Hackers violating the privacy of millions of consumers has become numbingly common. There are lots of good reasons to be afraid of these data breaches; there are just as many good reasons to get really, really angry. No one only reacts one way or the other, but our overall response to these massive hacks may have implications for everything from personal spending to the stock market.
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Researchers at Binghamton University have just released a study charting the differences in how we feel fear and anger after a data breach. How did you react last fall when Facebook admitted that 50 million accounts had been compromised? If that freaked you out, you may have zeroed in on the size and scope of the breach, and the bigger, the more unnerving. If you got angry, however, you probably didn't care how big the hack was — the fact that it happened at all is infuriating enough.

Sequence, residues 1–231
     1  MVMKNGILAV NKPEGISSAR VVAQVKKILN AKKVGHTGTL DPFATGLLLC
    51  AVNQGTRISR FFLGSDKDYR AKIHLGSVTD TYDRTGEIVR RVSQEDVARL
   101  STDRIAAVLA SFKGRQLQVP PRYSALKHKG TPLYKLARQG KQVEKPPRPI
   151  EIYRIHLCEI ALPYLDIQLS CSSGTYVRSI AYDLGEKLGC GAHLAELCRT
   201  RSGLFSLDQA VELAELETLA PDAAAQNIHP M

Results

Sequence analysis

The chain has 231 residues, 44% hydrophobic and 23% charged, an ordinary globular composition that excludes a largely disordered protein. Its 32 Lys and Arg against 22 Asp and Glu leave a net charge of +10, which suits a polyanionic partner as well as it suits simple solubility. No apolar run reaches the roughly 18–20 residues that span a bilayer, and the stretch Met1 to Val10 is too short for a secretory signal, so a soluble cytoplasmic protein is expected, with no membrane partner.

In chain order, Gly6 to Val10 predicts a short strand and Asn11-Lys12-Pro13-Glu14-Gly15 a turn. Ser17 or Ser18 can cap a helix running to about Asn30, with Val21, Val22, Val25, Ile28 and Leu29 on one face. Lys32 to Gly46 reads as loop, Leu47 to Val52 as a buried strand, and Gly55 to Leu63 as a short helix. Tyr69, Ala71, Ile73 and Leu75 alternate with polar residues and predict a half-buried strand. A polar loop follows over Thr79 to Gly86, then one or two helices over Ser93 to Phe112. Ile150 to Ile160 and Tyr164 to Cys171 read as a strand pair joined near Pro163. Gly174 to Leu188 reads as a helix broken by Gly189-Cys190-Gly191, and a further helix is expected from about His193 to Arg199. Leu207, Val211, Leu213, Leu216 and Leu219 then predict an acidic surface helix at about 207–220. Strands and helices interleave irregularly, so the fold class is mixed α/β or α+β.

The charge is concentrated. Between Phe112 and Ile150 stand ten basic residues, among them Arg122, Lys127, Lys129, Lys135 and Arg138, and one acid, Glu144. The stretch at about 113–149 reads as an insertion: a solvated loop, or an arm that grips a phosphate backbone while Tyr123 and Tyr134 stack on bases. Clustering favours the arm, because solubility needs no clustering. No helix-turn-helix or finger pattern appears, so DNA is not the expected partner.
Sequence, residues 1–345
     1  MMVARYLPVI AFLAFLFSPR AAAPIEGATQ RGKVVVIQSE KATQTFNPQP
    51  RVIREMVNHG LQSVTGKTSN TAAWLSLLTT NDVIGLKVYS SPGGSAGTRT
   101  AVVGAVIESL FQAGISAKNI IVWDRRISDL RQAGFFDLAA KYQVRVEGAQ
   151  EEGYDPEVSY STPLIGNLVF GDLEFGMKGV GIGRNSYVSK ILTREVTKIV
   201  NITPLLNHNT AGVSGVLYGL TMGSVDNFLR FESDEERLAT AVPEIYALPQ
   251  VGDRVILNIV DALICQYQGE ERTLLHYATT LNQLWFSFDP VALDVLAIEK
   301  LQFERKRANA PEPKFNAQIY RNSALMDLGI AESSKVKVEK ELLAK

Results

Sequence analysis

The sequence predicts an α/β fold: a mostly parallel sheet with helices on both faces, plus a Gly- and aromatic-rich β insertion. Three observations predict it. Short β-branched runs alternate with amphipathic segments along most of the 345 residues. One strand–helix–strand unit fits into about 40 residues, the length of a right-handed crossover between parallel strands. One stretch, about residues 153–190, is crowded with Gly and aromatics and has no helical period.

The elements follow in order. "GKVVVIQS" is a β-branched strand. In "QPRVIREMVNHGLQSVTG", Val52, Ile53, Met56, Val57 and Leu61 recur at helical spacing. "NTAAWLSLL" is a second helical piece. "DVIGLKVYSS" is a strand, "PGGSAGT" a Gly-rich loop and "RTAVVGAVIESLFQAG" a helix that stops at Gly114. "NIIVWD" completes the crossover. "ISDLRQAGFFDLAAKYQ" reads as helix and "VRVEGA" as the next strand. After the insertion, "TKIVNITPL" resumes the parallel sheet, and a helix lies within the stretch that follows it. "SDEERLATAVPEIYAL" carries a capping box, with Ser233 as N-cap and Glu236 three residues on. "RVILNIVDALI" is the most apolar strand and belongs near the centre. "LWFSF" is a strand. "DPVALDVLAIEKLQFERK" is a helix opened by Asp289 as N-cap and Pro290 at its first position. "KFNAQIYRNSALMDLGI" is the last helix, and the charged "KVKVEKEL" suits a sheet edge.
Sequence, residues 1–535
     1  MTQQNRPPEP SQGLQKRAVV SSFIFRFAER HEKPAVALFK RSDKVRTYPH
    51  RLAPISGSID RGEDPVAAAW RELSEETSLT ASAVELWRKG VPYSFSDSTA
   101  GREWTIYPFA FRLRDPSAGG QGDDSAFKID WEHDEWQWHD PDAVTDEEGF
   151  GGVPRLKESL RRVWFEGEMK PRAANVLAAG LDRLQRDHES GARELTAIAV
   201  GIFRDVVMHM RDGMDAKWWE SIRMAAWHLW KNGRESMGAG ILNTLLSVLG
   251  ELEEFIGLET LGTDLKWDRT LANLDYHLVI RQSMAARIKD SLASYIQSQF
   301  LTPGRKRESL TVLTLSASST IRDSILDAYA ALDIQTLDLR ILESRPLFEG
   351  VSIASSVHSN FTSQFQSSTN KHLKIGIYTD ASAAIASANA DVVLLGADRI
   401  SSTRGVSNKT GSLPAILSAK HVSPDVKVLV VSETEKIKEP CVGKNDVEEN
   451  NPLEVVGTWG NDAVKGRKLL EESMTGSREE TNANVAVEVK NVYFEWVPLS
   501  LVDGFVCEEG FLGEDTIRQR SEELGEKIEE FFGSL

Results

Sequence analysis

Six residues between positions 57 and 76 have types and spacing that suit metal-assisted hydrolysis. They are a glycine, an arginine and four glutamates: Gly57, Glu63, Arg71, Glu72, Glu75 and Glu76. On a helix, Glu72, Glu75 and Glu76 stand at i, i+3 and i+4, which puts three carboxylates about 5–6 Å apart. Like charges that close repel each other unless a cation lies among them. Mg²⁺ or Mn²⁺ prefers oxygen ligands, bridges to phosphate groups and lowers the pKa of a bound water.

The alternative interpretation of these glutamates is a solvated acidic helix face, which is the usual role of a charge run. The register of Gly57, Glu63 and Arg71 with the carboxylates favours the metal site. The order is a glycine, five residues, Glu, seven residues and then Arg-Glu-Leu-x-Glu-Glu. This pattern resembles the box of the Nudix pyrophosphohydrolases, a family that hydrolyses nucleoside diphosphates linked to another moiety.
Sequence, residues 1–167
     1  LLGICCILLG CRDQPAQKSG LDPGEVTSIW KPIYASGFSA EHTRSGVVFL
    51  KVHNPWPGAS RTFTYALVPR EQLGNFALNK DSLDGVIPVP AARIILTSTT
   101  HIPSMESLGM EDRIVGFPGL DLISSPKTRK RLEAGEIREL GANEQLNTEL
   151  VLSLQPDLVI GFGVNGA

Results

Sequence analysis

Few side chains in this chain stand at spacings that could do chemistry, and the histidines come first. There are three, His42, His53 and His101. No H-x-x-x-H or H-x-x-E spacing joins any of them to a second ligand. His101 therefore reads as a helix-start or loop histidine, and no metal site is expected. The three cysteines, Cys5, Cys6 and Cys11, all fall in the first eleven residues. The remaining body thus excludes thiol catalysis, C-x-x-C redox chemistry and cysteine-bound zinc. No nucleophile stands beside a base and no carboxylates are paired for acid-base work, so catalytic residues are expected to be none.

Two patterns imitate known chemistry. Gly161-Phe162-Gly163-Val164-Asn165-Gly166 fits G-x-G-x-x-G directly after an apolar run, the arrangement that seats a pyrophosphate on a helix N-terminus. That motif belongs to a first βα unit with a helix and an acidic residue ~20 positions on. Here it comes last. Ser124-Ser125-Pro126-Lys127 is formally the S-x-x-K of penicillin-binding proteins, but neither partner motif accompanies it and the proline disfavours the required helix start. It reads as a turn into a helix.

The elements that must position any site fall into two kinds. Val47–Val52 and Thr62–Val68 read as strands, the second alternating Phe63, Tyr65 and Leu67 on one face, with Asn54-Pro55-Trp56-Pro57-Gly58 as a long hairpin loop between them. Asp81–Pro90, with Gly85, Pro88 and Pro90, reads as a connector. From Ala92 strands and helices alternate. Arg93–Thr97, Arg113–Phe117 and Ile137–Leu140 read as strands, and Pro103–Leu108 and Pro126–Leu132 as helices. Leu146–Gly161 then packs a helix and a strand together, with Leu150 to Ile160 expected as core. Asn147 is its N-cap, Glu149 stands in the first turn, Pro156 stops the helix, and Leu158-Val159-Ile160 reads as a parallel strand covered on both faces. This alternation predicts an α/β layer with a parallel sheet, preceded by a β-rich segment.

Both scenarios could affect your willingness to hand over money or personal information to a company that's experienced (or admitted to) a hack. But this response also carries a warning for Wall Street. News of a massive data breach can play havoc with stock prices. The Binghamton team found that buyers and sellers who both create and recoil from "negative shock" in the markets are overall responding fearfully.
The proper response from a company, then, is reassurance, and an explanation as to how it's moving to correct the issue and protect its data. And no matter whether investors are afraid or furious, it's also a good moment for a really transparent apology.